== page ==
Yadwinder Singh, a 26-year-old Indian national, was the leader of one of the two groups of people who started fighting outside the Silat Road Sikh Temple in the Bukit Merah area in the afternoon of Apr 2, 2017.
The two groups of men wielded wooden poles, planks and belts, spilling onto the road and disrupting traffic, the court heard. The court did not specify the reasons behind the fight.
Footage from a public bus, played in court on Friday, showed Yadwinder brandishing a long wooden plank at members of the opposing group.
The court heard that Yadwinder and his group gathered at the bus stop outside the temple after prayers that morning.
Some of them had armed themselves with wooden planks. They chased after the men from the opposing group, who were walking along Kampong Bahru Road after leaving the temple, shouting vulgarities at them before attacking them.
The other group responded in kind, with several of them wielding their belts. Men from both sides attacked each other with poles, planks and belts in the melee.
Yadwinder was seen hitting two men with his wooden plank, injuring one man's scalp and face.
TRIED TO FLEE BY HIDING IN BUS CARGO HOLD
After his arrest, Yadwinder plotted to leave Singapore illegally. He had already been jailed previously for rioting and unlawful assembly in 2016 and had committed this fresh offence while on remission. He was also on bail for another extortion offence.
Two weeks before his trial for rioting outside the temple began, Yadwinder made plans to leave the country illegally, paying a man S$4,000 to flee Singapore in the cargo hold of a bus.
He carried out his plan in October 2018, after the first tranche of the trial, but was discovered by Immigration and Checkpoints Authority (ICA) officers at Tuas Checkpoint, hiding in the cargo hold of the vehicle. He was arrested, along with the bus driver.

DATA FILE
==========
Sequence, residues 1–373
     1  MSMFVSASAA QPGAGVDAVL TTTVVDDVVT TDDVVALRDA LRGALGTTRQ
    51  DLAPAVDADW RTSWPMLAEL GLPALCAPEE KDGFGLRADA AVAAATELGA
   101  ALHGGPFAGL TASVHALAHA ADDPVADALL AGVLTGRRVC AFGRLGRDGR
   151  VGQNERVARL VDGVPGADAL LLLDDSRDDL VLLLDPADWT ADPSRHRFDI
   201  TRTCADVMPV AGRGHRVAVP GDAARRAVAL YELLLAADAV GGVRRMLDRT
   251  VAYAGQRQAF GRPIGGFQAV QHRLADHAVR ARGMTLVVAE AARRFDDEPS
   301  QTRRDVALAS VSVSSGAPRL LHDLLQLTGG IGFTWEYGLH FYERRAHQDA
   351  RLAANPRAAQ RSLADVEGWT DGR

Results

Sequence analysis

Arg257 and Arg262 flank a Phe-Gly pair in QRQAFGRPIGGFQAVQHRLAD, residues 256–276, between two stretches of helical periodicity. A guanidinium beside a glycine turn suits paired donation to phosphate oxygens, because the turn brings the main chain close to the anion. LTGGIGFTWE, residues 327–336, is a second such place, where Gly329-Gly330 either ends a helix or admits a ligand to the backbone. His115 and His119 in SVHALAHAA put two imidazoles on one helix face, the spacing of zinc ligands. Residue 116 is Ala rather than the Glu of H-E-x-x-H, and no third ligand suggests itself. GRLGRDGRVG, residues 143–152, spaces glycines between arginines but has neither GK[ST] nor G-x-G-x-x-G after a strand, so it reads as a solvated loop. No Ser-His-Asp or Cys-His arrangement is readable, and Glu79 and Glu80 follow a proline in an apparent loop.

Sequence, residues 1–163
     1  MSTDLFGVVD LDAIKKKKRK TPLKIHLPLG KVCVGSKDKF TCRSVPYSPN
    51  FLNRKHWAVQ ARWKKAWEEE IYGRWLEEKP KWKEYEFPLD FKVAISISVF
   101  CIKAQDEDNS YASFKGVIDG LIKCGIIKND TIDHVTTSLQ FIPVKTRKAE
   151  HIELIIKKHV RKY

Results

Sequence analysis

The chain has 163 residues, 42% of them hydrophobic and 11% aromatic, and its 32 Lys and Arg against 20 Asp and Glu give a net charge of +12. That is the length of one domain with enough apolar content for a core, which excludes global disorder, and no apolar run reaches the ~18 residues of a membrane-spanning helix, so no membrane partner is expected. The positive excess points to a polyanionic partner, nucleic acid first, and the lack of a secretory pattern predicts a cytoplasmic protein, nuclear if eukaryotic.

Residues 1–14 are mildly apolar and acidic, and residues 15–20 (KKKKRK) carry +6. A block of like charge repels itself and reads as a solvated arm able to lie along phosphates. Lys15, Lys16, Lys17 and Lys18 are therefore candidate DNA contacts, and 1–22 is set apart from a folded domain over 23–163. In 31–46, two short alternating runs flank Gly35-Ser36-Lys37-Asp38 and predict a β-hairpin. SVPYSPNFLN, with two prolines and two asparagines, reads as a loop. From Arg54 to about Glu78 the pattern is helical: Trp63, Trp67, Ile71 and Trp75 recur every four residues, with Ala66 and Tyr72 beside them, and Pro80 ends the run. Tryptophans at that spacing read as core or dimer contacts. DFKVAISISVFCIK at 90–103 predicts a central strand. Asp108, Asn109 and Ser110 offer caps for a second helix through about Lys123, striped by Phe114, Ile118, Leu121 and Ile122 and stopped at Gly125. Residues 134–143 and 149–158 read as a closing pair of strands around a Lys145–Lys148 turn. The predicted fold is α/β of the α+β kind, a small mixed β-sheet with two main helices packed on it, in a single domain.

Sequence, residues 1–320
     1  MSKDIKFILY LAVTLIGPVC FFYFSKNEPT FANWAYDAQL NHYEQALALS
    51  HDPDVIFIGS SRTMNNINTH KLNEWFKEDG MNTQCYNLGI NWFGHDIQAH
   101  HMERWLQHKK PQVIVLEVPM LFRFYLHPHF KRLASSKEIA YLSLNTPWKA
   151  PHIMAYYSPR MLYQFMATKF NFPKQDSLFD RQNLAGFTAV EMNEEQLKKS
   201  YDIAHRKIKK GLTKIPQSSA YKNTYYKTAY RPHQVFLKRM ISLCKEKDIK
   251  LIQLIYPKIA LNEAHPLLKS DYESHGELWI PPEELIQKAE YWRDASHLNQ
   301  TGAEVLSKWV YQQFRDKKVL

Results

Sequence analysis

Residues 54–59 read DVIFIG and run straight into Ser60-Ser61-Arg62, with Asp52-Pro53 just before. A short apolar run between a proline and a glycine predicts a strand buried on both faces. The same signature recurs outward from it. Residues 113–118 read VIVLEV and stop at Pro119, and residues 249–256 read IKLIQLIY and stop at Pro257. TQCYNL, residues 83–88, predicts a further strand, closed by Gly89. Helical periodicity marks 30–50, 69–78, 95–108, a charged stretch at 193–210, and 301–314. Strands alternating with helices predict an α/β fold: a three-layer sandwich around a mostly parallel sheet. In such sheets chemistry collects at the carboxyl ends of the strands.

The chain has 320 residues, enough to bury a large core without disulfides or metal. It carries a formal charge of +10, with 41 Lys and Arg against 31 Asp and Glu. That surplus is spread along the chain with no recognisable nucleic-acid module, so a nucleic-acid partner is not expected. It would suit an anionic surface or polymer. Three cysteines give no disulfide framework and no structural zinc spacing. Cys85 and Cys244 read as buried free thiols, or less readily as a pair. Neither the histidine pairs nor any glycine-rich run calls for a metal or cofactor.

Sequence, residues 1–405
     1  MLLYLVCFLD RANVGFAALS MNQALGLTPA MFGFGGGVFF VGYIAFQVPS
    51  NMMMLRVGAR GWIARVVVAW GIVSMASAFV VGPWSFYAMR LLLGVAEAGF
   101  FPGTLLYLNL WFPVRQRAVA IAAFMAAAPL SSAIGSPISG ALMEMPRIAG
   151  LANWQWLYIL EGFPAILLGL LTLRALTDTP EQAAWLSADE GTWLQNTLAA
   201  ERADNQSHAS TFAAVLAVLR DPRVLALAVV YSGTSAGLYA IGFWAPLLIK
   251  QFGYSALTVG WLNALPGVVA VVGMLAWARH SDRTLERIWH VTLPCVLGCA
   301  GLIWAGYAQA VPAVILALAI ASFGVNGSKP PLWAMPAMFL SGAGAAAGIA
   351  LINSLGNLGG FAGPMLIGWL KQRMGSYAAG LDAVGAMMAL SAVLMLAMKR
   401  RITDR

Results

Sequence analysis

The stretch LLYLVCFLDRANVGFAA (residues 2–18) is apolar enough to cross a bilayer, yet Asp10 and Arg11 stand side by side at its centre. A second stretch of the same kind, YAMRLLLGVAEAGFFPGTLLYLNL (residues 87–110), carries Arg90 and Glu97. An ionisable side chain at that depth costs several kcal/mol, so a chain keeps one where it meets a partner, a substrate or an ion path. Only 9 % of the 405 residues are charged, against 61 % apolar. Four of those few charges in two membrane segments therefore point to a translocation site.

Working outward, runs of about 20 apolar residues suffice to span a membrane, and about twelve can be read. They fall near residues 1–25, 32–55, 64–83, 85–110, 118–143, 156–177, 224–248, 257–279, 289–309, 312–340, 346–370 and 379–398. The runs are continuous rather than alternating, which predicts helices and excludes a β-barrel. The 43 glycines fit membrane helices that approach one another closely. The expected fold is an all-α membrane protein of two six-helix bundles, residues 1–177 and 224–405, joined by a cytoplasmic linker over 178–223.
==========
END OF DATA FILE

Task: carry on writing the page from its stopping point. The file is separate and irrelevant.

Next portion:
After seeing how Yadwinder had been nabbed for trying to leave Singapore, three men accused of being involved in the riot stopped turning up for the trial, the court heard. Arrest warrants were put out for them and they have been at large since.
Yadwinder pleaded guilty after a five-day trial to rioting with a deadly weapon, failing to present travel documents upon departure and extortion with common intention.
Two months before the riot, he and four others extorted S$200 from a 21-year-old Indian national. They threatened to report her to the Housing and Development Board (HDB) for supposedly having more than the legal number of tenants in her flat.
Yadwinder, who was unrepresented, was sentenced to jail for five years and five months, along with 12 strokes of the cane.
District Judge Marvin Bay gave him an additional jail term of 129 days for committing a crime while on remission for earlier offences, the maximum possible for this case.
According to a list prepared by Deputy Public Prosecutor Jason Chua, Yadwinder had been committing crimes repeatedly since 2015, three years after arriving in Singapore to work in construction.
The judge granted Yadwinder 10 minutes to speak to his fiancee and friends who attended the hearing, as long as they "maintained a certain civility".
All of Yadwinder's co-accused have been dealt with in court. One of his opponents, Nirmal Singh, who had swung his belt during the riot, had his appeal against his 31-month jail sentence and caning dismissed by the High Court.
MT SOMERS, New Zealand: Mike Salvesen was working on his farm in the foothills of New Zealand's Southern Alps last Friday (Mar 15) when his phone began pinging with news of a tragedy unfolding about 110km away in Christchurch.
A lone gunman, armed with two powerful semi-automatic rifles and other weapons, had entered two mosques, shooting dead 50 people and wounding 50 more.
Six days later, Prime Minister Jacinda Ardern announced New Zealand's gun laws - little altered for almost three decades and much less restrictive than neighbouring Australia - would be overhauled to ban the type of semi-automatic weapons used in the attack.
Ardern was applauded by many, but there was uncertainty about how the rural community that make up most of the country's quarter of a million gun owners, would react.